Tennessee Spill Bigger Than Exxon Valdez; Dead Fish Washing Up, Homes Evacuated

Media release - December 23, 2008
Greenpeace today called for a criminal investigation into the failure of the Tennessee Valley Authority (TVA) to prevent the spill of more than 500 million gallons of coal ash sludge into the Emory River, a tributary of the Clinch and Tennessee Rivers. The spill followed the breach of a dike at a coal-fired power plant owned by the TVA, and covered as many as 400 acres of land with potentially toxic ash as high as six feet deep.

"Every facility like this is supposed to have a spill contingency plan to prevent this kind of disaster," said Rick Hind, Greenpeace Legislative Director. "The authorities need to get to the bottom of what went wrong and hold the responsible parties accountable."

Similar spills have resulted in felony charges, Hind noted.

According to The Tennessean, the plant's neighbors have reported previous "baby blowouts" that caused less severe contamination.

Coal ash typically contains high concentrations of toxic chemicals like mercury, cadmium, and other heavy metals. Following the spill, local television and photographers captured large numbers of dead fish washed up on the shores of the river and images of the area covered in mud and ash; 12 homes had to be evacuated. Excellent videos are available at the website of a local NBC affiliate, WBIR (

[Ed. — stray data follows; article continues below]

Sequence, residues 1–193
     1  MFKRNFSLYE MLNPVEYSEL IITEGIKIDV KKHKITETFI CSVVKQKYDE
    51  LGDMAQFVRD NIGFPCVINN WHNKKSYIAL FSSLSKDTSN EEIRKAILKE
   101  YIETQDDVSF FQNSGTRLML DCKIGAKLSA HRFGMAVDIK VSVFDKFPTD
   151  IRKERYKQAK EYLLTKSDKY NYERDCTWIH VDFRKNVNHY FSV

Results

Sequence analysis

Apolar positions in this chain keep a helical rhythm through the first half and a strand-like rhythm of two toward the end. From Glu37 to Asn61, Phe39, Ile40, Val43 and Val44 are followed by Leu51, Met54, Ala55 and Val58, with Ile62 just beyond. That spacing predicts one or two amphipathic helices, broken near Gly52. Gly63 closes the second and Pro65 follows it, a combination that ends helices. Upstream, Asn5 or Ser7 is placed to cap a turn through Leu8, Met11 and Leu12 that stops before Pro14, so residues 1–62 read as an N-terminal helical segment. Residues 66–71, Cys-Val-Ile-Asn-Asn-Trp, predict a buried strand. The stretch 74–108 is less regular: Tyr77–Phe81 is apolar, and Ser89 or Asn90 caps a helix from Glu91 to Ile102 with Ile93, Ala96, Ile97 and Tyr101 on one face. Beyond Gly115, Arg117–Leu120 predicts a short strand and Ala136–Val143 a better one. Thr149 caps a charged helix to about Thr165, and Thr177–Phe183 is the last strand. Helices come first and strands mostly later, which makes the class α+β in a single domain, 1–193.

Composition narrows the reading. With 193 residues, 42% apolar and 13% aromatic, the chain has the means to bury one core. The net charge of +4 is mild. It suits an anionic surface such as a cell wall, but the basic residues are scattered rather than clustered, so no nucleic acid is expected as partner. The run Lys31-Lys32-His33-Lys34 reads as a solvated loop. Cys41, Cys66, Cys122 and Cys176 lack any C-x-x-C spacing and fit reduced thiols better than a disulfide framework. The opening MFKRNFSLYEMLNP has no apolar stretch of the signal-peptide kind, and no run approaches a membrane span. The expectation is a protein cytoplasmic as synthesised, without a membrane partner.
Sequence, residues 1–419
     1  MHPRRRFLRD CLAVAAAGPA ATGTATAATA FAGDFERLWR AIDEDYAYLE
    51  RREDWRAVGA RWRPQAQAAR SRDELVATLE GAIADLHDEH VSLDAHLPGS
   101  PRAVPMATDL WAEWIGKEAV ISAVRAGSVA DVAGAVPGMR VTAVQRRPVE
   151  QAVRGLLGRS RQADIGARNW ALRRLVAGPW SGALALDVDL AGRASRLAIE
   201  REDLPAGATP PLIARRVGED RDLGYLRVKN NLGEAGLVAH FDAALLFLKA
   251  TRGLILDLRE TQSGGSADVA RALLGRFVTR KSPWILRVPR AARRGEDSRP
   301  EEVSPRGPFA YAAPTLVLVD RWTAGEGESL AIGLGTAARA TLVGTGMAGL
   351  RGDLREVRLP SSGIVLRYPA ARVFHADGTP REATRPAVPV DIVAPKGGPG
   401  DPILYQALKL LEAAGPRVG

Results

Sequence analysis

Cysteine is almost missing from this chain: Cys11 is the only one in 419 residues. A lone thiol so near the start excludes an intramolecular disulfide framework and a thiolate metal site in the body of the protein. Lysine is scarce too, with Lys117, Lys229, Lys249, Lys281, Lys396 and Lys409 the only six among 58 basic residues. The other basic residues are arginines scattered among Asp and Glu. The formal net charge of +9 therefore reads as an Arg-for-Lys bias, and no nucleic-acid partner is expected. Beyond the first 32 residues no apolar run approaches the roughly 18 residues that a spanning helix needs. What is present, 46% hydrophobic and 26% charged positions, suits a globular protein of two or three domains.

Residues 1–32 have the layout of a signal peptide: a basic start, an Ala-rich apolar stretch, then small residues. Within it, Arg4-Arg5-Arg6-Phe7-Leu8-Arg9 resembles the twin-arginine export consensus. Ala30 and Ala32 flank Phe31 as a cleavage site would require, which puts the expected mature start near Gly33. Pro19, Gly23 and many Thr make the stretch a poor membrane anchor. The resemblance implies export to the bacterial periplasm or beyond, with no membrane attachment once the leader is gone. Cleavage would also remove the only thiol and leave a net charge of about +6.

The contaminated rivers put the water supply at risk for major downstream cities like Chattanooga as well as millions of other people in Alabama, Tennessee and Kentucky.

"This spill shows that coal can never be 'clean,'" said Kate Smolski, Senior Legislative Coordinator for Greenpeace. "If the Exxon Valdez was a symbol of pollution 20 years ago, the Tennessee Coal Spill of 2008 is the symbol of it today."

Like Exxon Valdez, the spill could take years to clean up, and some of the damage to the ecosystem could be irreparable. Smolski added that these local impacts represent only a small fraction of coal's negative impact.

"The really sad thing about this spill is that it's only a small example of the damage coal causes," Smolski added. "Add in global warming, tens of thousands of annual premature deaths from power plant pollution, and hundreds of mountains leveled across Tennessee, Virginia, Kentucky and West Virginia, and that's the real picture of coal."

"If we're going to prevent disasters like this, we've got to complete the switch to truly clean energy like wind and solar power as rapidly as possible," Smolski said. "We can't afford more coal disasters and more dangerous global warming impacts."

Other contacts: Glenn Hurowitz, Greenpeace Media Director, 202-552-1828;
Interview Availability with Rick Hind, Greenpeace Legislative Director

VVPR info: WBIR videos of inundated houses, dead fish, landscape: || The Tennessean Coverage: || Greenpeace Report: “The True Cost of Coal”: || Energy [R]evolution: The Transition to Clean Energy: